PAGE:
Directed Energy, Hypersonic Weapons Must For India To Become Aerospace Force: IAF Chief

New Delhi: Air Force Chief Air Chief Marshal V R Chaudhari said on Tuesday that the Indian Air Force should become an “aerospace force”; and that the Indian defense industry needs to work on advanced directed energy and hypersonic weapons, reported news agency PTI.

In his inaugural speech to the “PHDCCI DEF X TECH INDIA 2023,” he also stressed the importance of adopting future technologies and stated that future wars will be fought on land, air, sea, and space. The head of the IAF stated that the nation’s weapons will differ after 100 years of independence, adding that directed energy and hypersonic weapons have already been “tested and employed” by other nations.

“The weapons of India at 100 would look very different from weapons of India at 75. Directed energy weapons (DEWs) and hypersonic weapons have already been tested and employed. DEWs, particularly lasers, provide significant advantages over traditional weapons such as precision engagement, low-cost per shot, logistical benefits and low detectability,” he said.

“Our defence industries need to further the development of these weapons and also integrate them onto airborne platforms to get desired ranges and accuracy,” the IAF chief said.

Lasers, microwaves, particle beams, and sound beams are examples of DEWs, which are weapons that can be fired from a distance and inflict damage on their target without using a solid projectile. Weapons that can travel at speeds between five and 25 times the speed of sound are known as hypersonic weapons.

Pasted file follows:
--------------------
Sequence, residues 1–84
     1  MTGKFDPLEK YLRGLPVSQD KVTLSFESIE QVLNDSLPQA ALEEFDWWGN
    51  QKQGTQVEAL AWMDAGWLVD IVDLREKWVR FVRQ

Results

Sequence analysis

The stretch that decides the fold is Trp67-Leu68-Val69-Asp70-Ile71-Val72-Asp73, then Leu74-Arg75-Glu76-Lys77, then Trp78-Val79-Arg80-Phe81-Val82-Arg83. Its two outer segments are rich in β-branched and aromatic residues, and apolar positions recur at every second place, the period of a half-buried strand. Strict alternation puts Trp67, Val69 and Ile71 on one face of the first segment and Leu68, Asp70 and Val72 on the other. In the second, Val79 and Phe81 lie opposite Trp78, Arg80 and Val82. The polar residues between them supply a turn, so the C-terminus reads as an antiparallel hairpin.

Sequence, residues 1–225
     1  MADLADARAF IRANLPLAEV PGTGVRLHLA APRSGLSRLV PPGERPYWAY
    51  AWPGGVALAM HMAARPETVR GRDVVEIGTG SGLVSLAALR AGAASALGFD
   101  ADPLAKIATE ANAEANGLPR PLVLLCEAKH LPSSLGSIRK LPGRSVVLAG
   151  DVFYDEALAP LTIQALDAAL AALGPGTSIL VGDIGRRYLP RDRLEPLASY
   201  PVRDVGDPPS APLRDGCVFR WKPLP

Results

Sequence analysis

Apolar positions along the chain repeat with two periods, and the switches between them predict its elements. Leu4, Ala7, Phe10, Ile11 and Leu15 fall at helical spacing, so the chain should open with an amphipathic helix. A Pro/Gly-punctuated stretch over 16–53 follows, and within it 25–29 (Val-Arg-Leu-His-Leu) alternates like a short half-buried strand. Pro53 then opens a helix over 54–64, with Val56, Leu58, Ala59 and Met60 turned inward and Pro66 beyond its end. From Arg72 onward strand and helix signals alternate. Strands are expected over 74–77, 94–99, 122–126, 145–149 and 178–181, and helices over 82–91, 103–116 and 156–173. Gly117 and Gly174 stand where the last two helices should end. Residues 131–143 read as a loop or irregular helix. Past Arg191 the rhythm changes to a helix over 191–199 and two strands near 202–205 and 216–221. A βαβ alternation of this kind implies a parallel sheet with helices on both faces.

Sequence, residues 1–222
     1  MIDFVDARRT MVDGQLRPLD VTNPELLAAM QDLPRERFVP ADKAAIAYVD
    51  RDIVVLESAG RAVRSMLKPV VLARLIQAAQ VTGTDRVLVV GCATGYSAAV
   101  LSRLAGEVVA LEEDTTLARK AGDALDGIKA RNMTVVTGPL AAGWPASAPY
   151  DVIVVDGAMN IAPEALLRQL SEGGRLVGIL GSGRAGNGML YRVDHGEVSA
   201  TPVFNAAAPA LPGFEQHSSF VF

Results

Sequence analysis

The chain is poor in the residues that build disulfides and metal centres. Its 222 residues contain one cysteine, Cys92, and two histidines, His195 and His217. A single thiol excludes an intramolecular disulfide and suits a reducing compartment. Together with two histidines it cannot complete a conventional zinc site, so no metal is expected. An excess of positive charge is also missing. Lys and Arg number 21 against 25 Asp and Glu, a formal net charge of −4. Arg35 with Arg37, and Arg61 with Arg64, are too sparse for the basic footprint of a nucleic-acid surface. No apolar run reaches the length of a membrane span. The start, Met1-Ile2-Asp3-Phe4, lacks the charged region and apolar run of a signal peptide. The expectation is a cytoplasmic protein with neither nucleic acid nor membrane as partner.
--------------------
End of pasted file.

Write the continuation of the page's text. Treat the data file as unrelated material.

Additionally, Air Chief Marshal Chaudhari emphasised the necessity of expanding India’s aerospace capabilities.

He added, “categorically stated that it is now time for the Indian Air Force to become an aerospace force and be ready to protect the country from ever evolving threats” from the defense minister.

He stated that the private sector’s entry into space technologies is demonstrating a process of democratization.

“The endeavour is to dramatically reduce costs of developing, launching and operating spacecraft for applications… Civilian space travel, a dream 25 years ago, is today a reality,” Air Chief Marshal Chaudhari said.

“The race to weaponise space has already started and the day is not far when our next war could be spread across all domains of land, air, sea and space. Therefore, I feel there is a need to develop both offensive and defensive space capabilities to safeguard our assets,” he said.

“Capitalise on our initial successes in space and prepare ourselves for the future,” the IAF chief stated.

He called upon the Indian aerospace industry alongside different players, for example, the Indian Space Research Organisation (ISRO) and the Safeguard Space technology to team up for the future and added that privately owned businesses are being supported in this space.

The IAF chief said while the “military impact” of space innovation on the continuous struggle in Ukraine is quite unclear, it is relevant that “we develop such technology in-house with these developments”.

He stated, “However, we must be cognisant of the technology to be within the contours of national policy, security and objectives.”

The IAG chief stated that in the digital age, where knowledge is a central resource, societal and economic considerations of a state typically determine how a war is waged.

“Glimpses of these are quite evident in the ongoing conflict in Europe. Over the years, the Indian Air Force has proved its capacity across the entire spectrum of conflict, ranging from peace, no war no peace and conflict situations,” he said.

According to Air Chief Marshal Chaudhari, the IAF is undergoing transformation in order to fight and win future wars.  He stated, “We are in the process of acquiring and operationalising cutting edge systems… At the same time, the task of upgrading the existing image of aircraft weapons and other combat systems continues unabated.”